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Policy Analysis: City of Gainesville Energy Consumption

Presented to the Gainesville Energy Advisory Committee on 3/17/09

By Rudy Baum and Lance Legel


The original intent of this investigation, per GEAC stratagem, was to acquire data on energy
consumption by the City of Gainesville government. This data was to be contrasted with other U.S.
cities of similar population and budget sizes to expose weaknesses in Gainesville’s energy consumption
practices.

But it quickly became apparent that the planned techniques of this investigation would be insufficient to
draw substantial policy conclusions. An eclectic and inevitably incomplete amalgamation of energy
consumption data would not allow for the Gainesville Energy Advisory Committee to draw definitive
policy recommendations.

Primary investigator, Rudy Baum, decided to redirect this investigation in favor of producing a more
fruitful report for policy recommendations. The most practical energy advice came through email and
phone correspondence with Dave Richard and Dave Twos1.

Both communicated the same policy advice to GEAC: as leaders of an energy-efficient community, we
should continue to enhance our reputation worldwide by enacting innovative policies. Mr. Twos
cautioned against “outside-in policy making” to other U.S. cities, suggesting that we focus on developing
Gainesville policies that prove to other cities the benefits of environmentally focused energy. He
suggested that we present information on attending specific workshops, seminars, and conferences to
members of our city commission. These programs, he believed, would create the greatest impact on
our city commissioners to continue enhancement of Gainesville’s energy efficiency. The cumulative
result is that city commissioners are consistently provided with evidence of the importance, advantages,
and payoffs to being green.

Both experts emphasized the benefits their cities have reaped through consistent application of ICLEI
(International Council on Local Environmental Initiative) resources. Both recommended that Gainesville

1
(1) Dave Richard: Chairman, City of Boston Environmental and Energy Services Cabinet
(2) Dave Twos: Chairman, City of Portland Planning and Sustainability
– which is already a member of ICLEI – further utilize policy resources found on ICLEI’s website. Although
GEAC should prudently remain within its political domain of energy policy, this committee could expand
its policy implementing abilities by presenting to the Gainesville City Commission some of the more
creative, immediately successful, and inexpensive energy conservation policies found in other U.S. cities.

The City of Ashland in Oregon, for example, has implemented an inexpensive and energy-saving system
of bartering. Citizens can exchange materials with each other that they would otherwise inefficiently
dispose of. Through this subtle system, the energy required to produce new materials is conserved (and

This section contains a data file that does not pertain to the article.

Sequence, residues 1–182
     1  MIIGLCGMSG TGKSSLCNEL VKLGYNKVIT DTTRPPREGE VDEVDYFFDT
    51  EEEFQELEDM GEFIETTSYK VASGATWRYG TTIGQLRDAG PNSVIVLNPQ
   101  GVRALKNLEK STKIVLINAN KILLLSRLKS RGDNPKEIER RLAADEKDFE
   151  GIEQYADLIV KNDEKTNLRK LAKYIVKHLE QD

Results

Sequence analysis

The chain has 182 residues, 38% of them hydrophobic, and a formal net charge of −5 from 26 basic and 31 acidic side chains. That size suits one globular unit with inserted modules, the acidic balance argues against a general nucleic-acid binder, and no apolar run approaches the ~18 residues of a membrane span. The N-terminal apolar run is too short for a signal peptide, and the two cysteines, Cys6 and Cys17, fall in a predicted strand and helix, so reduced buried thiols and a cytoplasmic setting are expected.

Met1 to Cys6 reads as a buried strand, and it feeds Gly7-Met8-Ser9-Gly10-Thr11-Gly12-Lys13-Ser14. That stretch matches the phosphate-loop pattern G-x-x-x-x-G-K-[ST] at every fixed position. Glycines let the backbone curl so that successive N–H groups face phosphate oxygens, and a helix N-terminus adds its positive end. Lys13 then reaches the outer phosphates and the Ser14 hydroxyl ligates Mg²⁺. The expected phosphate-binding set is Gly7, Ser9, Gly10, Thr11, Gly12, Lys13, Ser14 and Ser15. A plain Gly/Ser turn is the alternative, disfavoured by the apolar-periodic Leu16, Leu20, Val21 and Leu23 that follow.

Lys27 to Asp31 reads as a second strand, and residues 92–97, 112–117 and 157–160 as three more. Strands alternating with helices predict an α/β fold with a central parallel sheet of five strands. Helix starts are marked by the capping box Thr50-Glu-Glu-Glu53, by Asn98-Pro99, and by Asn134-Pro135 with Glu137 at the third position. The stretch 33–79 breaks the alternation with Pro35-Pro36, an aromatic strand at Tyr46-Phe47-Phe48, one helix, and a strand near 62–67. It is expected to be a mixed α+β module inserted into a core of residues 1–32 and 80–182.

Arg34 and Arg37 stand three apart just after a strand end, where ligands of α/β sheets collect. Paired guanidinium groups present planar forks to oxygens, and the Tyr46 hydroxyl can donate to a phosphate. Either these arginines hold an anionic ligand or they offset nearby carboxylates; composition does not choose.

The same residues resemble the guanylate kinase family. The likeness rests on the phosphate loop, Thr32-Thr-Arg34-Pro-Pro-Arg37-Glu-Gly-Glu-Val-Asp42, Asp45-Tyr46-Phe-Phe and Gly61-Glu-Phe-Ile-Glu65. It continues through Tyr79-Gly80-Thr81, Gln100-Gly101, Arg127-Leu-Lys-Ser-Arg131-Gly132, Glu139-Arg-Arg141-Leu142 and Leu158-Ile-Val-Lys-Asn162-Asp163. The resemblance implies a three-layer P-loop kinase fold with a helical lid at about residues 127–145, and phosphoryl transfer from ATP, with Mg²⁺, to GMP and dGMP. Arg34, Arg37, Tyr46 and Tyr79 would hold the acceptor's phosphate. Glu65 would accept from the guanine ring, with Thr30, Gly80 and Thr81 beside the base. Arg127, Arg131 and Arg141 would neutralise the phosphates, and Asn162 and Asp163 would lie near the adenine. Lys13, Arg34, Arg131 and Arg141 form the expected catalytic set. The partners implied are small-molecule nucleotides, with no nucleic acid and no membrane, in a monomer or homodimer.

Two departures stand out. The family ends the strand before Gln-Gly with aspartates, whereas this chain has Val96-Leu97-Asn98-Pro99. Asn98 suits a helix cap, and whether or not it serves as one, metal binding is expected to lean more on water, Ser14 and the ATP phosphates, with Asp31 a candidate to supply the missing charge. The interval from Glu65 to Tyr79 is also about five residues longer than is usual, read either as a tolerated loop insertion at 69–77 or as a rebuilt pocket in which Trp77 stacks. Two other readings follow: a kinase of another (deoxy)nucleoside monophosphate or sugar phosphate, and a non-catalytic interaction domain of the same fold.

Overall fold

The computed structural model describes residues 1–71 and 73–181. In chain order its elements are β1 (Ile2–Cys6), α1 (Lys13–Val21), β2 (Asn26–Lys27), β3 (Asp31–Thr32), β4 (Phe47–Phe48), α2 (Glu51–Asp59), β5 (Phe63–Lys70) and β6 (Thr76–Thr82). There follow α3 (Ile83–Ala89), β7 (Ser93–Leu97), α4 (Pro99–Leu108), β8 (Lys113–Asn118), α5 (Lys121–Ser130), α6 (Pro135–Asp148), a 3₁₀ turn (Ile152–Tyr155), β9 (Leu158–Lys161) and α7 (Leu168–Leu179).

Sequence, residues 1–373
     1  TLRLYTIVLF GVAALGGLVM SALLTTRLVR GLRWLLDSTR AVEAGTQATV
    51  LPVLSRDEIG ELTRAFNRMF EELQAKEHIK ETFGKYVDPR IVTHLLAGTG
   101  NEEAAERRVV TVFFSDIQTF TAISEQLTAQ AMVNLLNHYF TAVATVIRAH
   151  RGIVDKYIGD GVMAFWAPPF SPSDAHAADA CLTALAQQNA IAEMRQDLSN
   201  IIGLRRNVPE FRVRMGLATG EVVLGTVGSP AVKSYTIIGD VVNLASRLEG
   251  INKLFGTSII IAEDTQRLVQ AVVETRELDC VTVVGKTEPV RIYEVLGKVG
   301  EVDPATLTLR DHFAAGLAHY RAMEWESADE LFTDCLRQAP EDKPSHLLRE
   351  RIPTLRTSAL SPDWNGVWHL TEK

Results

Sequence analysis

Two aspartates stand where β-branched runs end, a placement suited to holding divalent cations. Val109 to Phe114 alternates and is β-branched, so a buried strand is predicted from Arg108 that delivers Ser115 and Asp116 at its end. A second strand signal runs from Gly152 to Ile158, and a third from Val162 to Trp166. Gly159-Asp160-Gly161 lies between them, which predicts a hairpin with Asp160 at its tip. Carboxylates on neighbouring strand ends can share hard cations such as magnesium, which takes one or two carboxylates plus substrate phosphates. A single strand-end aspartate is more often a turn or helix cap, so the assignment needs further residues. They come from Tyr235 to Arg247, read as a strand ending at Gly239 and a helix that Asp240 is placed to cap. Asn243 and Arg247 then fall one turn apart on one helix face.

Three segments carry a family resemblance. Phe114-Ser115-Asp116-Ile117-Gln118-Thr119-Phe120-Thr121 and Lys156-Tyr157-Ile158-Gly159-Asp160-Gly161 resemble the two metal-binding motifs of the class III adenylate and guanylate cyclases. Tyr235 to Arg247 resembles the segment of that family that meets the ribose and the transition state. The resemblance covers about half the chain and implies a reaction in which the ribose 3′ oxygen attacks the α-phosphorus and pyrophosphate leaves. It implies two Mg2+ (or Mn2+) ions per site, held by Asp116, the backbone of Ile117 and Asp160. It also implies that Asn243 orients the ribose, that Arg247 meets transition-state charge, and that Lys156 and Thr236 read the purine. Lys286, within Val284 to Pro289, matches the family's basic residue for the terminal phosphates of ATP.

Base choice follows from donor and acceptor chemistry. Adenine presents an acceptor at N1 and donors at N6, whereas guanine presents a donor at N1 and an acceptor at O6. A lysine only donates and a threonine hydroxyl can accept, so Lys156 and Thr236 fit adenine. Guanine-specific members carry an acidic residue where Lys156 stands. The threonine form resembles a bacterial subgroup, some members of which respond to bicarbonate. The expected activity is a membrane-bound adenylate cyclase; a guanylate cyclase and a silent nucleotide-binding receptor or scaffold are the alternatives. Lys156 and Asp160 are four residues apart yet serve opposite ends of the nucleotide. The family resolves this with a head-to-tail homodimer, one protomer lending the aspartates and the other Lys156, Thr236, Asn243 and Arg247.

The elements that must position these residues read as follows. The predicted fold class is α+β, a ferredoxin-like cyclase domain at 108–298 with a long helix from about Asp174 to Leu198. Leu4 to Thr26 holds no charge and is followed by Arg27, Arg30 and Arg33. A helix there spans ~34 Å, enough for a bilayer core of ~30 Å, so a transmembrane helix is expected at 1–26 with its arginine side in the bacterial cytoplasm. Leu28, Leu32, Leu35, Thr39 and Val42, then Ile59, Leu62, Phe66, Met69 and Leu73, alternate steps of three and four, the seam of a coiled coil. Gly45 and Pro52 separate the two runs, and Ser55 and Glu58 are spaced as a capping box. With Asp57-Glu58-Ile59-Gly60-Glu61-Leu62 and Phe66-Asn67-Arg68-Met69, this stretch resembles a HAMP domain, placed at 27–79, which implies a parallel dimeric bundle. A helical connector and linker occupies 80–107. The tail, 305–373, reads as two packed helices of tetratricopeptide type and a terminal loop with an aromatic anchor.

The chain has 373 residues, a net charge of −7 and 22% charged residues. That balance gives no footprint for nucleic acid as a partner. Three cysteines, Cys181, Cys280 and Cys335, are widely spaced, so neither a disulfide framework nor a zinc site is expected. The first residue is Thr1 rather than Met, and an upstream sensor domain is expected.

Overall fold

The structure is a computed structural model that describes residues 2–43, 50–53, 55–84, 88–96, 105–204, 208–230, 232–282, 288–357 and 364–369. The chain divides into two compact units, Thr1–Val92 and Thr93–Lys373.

the accumulating and processing of waste is decreased). Another unique energy policy example comes
from the City of Hamden in Connecticut. Hamden enacted legislation which prohibits vehicles from
being left in idle unless it is an emergency, conserving fuel. These are two of the many fast, inexpensive
policies found on ICLEI’s website2.

Mr. Twos communicated the potential and power of citizen “green teams” within city government.
Technically, GEAC could be considered such a green team. The Portland Peak Oil Task Force, Mr. Twos’
example of a green team, has established goals and techniques to cut Portland’s oil and natural gas
consumption in half by 20323. GEAC could emulate their style and substance to publish similarly
influential policy recommendations.

Mr. Twos also suggested that GEAC perform more specialized and strategically focused case studies -
rather than a broad energy consumption analysis. He recommended that GEAC target specific, isolated
energy consuming entities (e.g. Gainesville Police Department). Essentially, GEAC would perform a
quantitative analysis of all the systematic factors contributing to this single entity’s energy consumption.
New qualitative policies would then be suggested by GEAC to this singular entity. Such policies would
focus on means of limiting energy consumption – or possibly utilizing the Solar Feed-in tariff. Specific
mechanisms that we might focus on are: recycling, waste management, carbon reduction, and water
management. If our isolated policy recommendations are implemented, then the cost and energy
impact of these policies can be evaluated and published. GEAC would then be in a more dynamic
position to recommend such policies for generalization throughout the entire City of Gainesville .

-Rudy Baum is Chief of Investigations at The Dynamo for Environment & Humanity, Inc. and a UF
Aerospace Engineering sophomore.

-Lance Legel is President of The Dynamo for Environment & Humanity, Inc., a UF Physics & Astronomy
sophomore, and an appointed member of GEAC.

2
“ICLEI: Local Governments for Sustainability: Programs”
http://www.iclei.org/index.php?id=global-programs
3
“Peak Oil Task Force recommends Portland cut fossil fuel use 50% by 2032”
http://www.portlandonline.com/osd/index.cfm?a=150007&c=43295